However, the sudden entrance of Covid last year has brought in its struggles for the Alphonso mango cultivators of Maharashtra owing to lockdowns. The state enjoys the largest exports of Alphonso; however, the arrival of cyclone Nisarga last year also struck a further blow to the Konkan coast, bringing in losses with whichthe farmers are still trying to cope.
In a quote given to The Print, Rajan Seth, an Alphonso farmer based in Mazgaon, Ratnagiri, stated, “With the implementation of the lockdown, the rate of mango started to crash from 20 April, similar to last year, when the lockdown was announced.” He has a 50-acre partly-leased farm containing 3,500 mango trees. “The peak season is usually from 20 April to 20 May, hence the lockdown is causing us maximum damage.”
However the fate of the fruit has been looking up for cultivators in the eastern region with sixteen varieties of mangoes including three GI certified Khirsapati and Laxman Bhog (West Bengal), Zardalu (Bihar), which are being exported to Bahrain. The fruits have been sourced from farmers in Bengal and Bihar by The Agricultural and Processed Food Products Export Development Authority (APEDA) registered exporter, DM enterprises, Kolkata, and imported by Al Jazeera group, Bahrain.
With export promotion programs halted owing to Covid, APEDA took the initiative to organize a virtual meet for exporters and importers of mangoes from India and South Korea. And this season saw India ship 2.5 metric tonnes of shipment of Banganapalli and Suvarnarekha mangoes sourced from farmers in Krishna and Chittoor districts of Andhra Pradesh.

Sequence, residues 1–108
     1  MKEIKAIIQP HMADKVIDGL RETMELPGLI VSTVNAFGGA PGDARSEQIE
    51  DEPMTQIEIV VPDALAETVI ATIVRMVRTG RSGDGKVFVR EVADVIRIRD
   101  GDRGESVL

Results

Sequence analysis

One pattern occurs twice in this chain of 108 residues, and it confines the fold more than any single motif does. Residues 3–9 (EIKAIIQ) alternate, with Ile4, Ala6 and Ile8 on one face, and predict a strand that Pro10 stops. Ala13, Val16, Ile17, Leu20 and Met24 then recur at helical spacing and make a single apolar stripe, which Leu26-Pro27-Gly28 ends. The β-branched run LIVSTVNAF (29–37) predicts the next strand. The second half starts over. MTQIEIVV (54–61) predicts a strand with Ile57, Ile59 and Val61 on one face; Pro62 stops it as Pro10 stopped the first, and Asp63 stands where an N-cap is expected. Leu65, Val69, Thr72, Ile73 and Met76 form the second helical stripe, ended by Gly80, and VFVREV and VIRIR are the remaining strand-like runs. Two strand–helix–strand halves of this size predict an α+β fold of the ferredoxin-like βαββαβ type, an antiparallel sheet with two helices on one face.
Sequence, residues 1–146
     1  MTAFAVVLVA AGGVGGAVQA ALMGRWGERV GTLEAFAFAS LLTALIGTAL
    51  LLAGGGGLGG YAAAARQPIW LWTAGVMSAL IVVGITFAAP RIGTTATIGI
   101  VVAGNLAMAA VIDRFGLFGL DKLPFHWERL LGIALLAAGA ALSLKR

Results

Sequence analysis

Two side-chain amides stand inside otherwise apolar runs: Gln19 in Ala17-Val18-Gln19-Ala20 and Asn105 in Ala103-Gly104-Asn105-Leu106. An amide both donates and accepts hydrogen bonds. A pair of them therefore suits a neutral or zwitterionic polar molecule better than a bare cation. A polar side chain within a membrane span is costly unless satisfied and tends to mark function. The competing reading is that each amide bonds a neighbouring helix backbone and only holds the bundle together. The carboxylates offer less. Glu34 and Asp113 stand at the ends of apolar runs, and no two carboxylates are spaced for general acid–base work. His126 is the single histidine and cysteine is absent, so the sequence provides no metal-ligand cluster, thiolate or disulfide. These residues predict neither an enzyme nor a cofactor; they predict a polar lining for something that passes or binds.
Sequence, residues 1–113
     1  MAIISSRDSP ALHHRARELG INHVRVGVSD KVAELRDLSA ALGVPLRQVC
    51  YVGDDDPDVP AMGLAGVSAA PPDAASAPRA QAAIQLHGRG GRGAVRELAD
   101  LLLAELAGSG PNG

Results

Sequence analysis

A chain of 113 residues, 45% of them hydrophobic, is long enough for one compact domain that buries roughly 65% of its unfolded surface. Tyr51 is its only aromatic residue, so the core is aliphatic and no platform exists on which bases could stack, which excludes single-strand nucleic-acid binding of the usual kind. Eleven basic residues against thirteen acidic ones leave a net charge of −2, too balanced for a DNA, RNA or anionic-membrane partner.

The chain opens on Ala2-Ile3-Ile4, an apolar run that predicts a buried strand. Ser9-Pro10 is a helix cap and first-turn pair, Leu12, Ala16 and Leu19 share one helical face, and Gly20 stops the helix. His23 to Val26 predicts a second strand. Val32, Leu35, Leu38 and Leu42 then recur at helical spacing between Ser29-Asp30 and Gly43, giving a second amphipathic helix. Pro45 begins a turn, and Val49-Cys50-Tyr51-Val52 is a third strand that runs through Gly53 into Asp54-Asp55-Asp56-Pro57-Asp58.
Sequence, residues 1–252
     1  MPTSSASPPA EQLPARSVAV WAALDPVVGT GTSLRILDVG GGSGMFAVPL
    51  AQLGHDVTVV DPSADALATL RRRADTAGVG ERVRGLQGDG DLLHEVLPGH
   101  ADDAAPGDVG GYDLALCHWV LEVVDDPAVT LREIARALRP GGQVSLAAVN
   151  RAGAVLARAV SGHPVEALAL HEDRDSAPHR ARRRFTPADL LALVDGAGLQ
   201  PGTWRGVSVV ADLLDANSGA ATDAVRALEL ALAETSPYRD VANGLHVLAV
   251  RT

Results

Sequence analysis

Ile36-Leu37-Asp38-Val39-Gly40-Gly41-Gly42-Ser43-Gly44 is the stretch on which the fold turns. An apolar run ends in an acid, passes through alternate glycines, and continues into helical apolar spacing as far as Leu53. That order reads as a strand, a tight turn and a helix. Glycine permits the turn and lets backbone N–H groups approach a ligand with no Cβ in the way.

There has been much debate about the Mango’s origins. Some believe that it originated around 4000 years ago in India and gradually spread to other parts of Asia and the world. Since the mango fruit had a large seed, it was possibly humans that carried it and spread its magic. The Mango was taken to China from India during the middle of the 7th century AD when Hwen Tsang, the Chinese traveller, went back to China from India.
The fruit has been eulogized in stories and poetry. Legendary Urdu poet Mirza Ghalib was a connoisseur and consumed it till the very end of his life. The poet Rabindranath Tagore was extremely fond of mangoes. The fruit and its flowers, called manjari, are frequently mentioned in his works. Mango designs and motifs have been extensively explored in textiles, and indigenous arts and crafts. In fact anything mango is often viewed as something quintessentially Indian. This mystical fruit is considered food of gods and stands and is still a symbol of prosperity, love, wealth, fertility and luck.
Indians, whether in India or elsewhere, will continue to seek and engage with the fruit as a heady summer indulgence. The fruit has now become a part of the country’s cultural identity and legacy and certainly upheld the country’s name proudly among the world’s most coveted fruits.